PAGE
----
The jury is deliberating in the murder trial of Brooke Skylar Richardson after closing arguments finished on Thursday morning.
Here are the key points the jury must consider in its verdicts on charges of aggravated murder, involuntary manslaughter, child endangering and abuse of a corpse.
Was the baby alive when she was born?
This is the key point on several of the charges.
The prosecution says Richardson gave birth to a live baby and killed her.
The defense claims the baby was stillborn and Richardson did not kill her.
Both sides agree Richardson buried the baby. The prosecution claims she did so to conceal her crime and preserve her life as it was before her unwanted pregnancy. The defense claims she was a scared 18-year-old who was so worried about how her family and friends would react that she buried the child.
Did Richardson burn the baby?
A forensic expert first told investigators that the baby’s bones were charred when they were discovered in Richardson’s backyard in July 2017, more than two months after Richardson gave birth.
That expert, though, later recanted that opinion.
The prosecution continues to contend Richardson burned the baby, in part using statements she made to police in a second interrogation that happened on July 20, 2017. The defense claims those admissions were forced by investigators who were pressuring Richardson because of what they had been told by the expert.
The prosecution says that the expert was hired by the coroner’s office, not investigators, and that the defense team was informed when that opinion changed.
The defense claims investigators were overzealous in their pursuit and interrogation of Richardson because of their untrue belief the remains were charred.
Did Richardson make false admissions to police?
In the second interrogation with police, Richardson changes her story multiple times about whether the baby might have been alive when she was born, if the baby gurgled, if Richardson might have squeezed a live baby too hard and if Richardson tried to cremate the baby.
The defense called a psychologist who said that Richardson has a mental disorder that causes her to be submissive to authority, which they say means Richardson would have said things to please the investigators.
The defense also called a professor who studies interrogations and false confessions, who said the police methods and what they were saying to Richardson were problematic and could have led to false statements.
The prosecution claims those admissions were made because Richardson finally told the truth.
Why did Richardson hide her pregnancy and not tell anyone about the birth?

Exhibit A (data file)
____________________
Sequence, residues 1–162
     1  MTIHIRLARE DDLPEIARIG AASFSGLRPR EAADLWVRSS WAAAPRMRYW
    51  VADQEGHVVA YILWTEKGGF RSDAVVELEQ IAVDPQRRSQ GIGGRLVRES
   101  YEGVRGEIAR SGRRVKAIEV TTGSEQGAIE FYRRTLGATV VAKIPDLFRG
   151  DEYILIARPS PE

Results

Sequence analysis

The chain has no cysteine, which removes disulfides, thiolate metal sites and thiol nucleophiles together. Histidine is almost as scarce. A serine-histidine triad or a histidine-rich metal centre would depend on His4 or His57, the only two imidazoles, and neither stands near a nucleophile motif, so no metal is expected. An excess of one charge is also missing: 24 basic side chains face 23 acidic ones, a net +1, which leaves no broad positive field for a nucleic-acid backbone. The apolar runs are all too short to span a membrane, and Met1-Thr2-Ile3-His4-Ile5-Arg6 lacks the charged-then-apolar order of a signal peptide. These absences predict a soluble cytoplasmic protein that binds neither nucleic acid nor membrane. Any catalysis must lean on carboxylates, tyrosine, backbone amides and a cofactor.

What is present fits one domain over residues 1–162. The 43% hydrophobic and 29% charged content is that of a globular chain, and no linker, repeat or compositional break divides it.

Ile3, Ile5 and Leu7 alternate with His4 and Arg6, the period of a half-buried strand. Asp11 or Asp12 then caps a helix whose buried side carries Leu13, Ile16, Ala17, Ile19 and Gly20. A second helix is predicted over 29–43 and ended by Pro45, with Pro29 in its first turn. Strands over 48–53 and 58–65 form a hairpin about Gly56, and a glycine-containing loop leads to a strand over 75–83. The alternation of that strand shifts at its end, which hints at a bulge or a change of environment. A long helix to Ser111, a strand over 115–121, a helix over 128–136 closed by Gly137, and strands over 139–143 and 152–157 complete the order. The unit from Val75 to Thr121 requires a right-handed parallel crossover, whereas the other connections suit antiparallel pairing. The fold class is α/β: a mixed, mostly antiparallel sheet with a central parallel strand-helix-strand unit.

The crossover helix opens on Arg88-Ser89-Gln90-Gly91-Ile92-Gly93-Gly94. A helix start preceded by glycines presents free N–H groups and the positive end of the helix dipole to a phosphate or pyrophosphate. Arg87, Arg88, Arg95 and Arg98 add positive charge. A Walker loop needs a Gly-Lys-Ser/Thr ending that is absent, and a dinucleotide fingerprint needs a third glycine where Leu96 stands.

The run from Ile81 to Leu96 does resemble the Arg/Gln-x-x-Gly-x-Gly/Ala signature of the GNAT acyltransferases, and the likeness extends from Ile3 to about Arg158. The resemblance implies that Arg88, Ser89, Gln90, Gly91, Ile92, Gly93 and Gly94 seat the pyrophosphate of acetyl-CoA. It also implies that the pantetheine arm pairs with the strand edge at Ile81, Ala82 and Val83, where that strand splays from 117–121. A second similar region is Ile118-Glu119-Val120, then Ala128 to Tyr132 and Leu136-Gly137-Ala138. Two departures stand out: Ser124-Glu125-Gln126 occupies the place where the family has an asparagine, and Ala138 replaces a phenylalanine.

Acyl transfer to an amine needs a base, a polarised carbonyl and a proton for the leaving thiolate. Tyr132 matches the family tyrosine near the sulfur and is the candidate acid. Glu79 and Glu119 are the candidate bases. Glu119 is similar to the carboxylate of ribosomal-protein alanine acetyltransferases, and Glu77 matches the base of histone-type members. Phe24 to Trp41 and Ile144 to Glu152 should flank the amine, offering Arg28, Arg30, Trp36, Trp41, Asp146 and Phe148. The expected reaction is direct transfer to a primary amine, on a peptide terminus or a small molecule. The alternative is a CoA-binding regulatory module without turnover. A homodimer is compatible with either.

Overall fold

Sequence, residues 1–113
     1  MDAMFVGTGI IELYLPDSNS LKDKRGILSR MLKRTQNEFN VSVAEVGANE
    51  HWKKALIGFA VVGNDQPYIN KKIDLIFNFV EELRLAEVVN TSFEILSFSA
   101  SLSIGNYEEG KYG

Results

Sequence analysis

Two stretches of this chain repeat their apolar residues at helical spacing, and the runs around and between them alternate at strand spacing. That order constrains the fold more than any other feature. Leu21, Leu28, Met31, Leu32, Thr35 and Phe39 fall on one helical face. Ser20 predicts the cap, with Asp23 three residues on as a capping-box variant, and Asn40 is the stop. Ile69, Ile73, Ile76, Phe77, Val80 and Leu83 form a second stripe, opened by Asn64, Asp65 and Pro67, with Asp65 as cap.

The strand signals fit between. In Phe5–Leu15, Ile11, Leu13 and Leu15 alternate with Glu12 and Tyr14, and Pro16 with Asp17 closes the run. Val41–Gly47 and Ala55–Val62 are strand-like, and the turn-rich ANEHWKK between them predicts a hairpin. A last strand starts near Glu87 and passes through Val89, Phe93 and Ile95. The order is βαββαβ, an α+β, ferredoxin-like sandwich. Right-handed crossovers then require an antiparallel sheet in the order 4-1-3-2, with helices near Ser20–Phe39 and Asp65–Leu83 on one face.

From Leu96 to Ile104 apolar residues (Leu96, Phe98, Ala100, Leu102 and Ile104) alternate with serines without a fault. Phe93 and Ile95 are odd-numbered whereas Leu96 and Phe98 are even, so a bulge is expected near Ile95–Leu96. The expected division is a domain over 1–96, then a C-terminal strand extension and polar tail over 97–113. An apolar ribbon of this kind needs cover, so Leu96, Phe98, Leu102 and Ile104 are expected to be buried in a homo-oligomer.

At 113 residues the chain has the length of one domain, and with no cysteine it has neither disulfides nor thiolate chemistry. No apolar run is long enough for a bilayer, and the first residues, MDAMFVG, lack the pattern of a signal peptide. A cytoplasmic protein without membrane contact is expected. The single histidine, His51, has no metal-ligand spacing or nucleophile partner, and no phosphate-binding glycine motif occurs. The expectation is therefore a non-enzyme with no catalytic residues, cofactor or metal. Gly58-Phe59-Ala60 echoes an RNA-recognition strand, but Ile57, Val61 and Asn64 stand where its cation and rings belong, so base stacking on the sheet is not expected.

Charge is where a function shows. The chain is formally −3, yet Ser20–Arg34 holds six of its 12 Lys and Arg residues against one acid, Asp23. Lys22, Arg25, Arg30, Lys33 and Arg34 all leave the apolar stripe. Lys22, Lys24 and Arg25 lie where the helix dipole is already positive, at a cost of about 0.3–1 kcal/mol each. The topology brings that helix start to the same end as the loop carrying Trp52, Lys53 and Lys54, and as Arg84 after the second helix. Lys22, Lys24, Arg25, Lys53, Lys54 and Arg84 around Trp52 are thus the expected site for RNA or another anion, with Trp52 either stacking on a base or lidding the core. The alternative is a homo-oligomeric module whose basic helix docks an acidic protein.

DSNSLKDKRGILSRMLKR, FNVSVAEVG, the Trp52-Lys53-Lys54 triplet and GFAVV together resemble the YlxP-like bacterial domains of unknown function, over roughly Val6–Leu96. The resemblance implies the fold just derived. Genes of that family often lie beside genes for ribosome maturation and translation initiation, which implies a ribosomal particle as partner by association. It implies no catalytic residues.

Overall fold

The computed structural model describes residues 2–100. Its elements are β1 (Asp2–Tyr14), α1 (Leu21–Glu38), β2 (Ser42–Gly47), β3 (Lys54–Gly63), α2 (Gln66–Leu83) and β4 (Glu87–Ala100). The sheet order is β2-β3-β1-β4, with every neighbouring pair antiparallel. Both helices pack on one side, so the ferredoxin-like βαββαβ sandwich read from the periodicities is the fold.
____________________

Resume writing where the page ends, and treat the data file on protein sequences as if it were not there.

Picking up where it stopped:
The prosecution claims Richardson did so because she knew she wasn’t going to keep the unwanted baby.
The defense claims Richardson thought she had up to 10 weeks before the birth after she learned of the pregnancy so she was planning to tell her family, but the birth happened only days after she learned she was pregnant.
Prosecutors showed text messages to Richardson’s mother and then-boyfriend that were sent hours after the birth in which she describes being very happy and not mentioning the birth or baby’s death, which they say show Richardson would do anything to keep her life the way it was. They also showed internet searches Richardson performed regarding how to “get rid of” a baby.
The defense has said Richardson wanted to continue to conceal the pregnancy and birth because she was scared, not because she was happy.
How did her relationship with her family affect the case?
The prosecution used interrogation video during times Richardson’s family was in the room with her and text messages between Richardson and her mother to claim that Richardson’s relationship with her family led to her deciding she would not keep her baby when she learned she was pregnant.
The defense says she planned to tell her family because she thought she had more time before the birth, and her father, Scott, testified the family would have been shocked but would have accepted the baby into the family.
There wasn’t definitive cause of death for the baby
Experts from both sides testified that the cause of death for the baby could not be determined because of the state of the remains that were buried from May 7, 2017, to late July.
The prosecution several times in questioning witnesses called out that it was Richardson who buried the baby and concealed it, which made that determination impossible. It underlined to the jury that this is a circumstantial case, with many pieces of evidence that point to their claims, instead of direct evidence case.
The doctor who performed the autopsy on the remains said the cause of death was “homicidal violence” and added she used evidence including Richardson’s statements to police to make that determination.
A defense witness said his opinion is that the baby was stillborn, based on evidence including measurements of the remains performed by other doctors.
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